Ubume

As Jacob described in his presentation this afternoon, Group 3 is discussing social interaction và responsibility in Japanese society based on the Confucian tradition & expectations. We will be discussing topics like filial piety và responsibility, lust, & the subdued role of women in the final draft of our podcast. The section relating lớn the subdued role of women has inspired my fellow group members và I lớn research various female Yokai and how they reflect Confucianism’s influence on the expectations of women in Japanese society. Earlier this week, we took a closer look at the Yamambố, or Mountain witch. This afternoon, I found another female Yokai, known as Ubume, in Michael Dylan Foster’s The Book of Yokai. 

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The picture above sầu depicts a ghostly woman with gray hair holding her newborn child. She is usually thought to be the spirit of a woman who painfully died during childbirth. Typically, an individual, most of the time a male, will meet her at a fork in the road or before crossing a bridge. Covered in blood và crying while cradling her infant, she asks the man to lớn hold the child before disappearing. The baby becomes heavier và heavier in the man’s arms until he can’t move from fear of dropping it. In some legends, the man is rewarded for his dedication and effort with amazing physical strength và capabilities.

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Death during childbirth was extremely comtháng prior to the modern period, providing a potential explanation và origin for the conception of this Yokai. One legkết thúc or tale related lớn the Ubume details the story of a shopkeeper who is repeatedly visited by a strange woman. One night, the store owner follows the strange woman after she leaves khổng lồ discover her disappearing into a graveyard before hearing the sound of a crying baby. As he ventures inkhổng lồ the graveyard, the shopkeeper finds the corpse of the woman in a dug up grave with a healthy, live infant beside her. The child, in some legends, grows up to lớn be a successful monk.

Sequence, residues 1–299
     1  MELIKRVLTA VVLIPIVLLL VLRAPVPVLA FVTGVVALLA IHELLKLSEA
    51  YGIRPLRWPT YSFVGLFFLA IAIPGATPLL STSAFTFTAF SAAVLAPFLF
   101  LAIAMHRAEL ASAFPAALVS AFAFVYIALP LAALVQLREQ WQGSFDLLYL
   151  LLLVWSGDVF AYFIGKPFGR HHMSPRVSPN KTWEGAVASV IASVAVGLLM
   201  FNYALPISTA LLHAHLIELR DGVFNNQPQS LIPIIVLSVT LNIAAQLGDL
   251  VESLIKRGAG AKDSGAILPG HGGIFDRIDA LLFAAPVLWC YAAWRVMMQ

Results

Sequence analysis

Within the context of Confucianism’s influence on the subdued role of women, I think the Ubume is an excellent example of the value placed on Japanese women limiting themselves to lớn the responsibilities of the household rather than pursuing more impactful roles in society or government. A woman dying in childbirth meant the child’s primary nurturer and caregiver would be absent; this was surely seen as a tragedy, depriving the son or daughter of a vital foundation established during childhood that ensured success later on in life. Therefore, we see this mother searching for the proper environment for her child while crying over her inability khổng lồ be there for hlặng or her.

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While we have not incorporated this Yokai inkhổng lồ the script, like we have with the Yamamtía, I think it is definitely something khổng lồ investigate further and see where this takes us. There is great potential for us khổng lồ further expvà the dialogue surrounding the subdued role of women và develop và build upon what we have sầu already established with our secondary sources and the information on the Yamamba.

Stay tuned for more information! Have sầu a great weekend!

Will

Dylan Foster, Michael. The Book of Yokai. Oaklvà, CA: University of California Press, năm ngoái.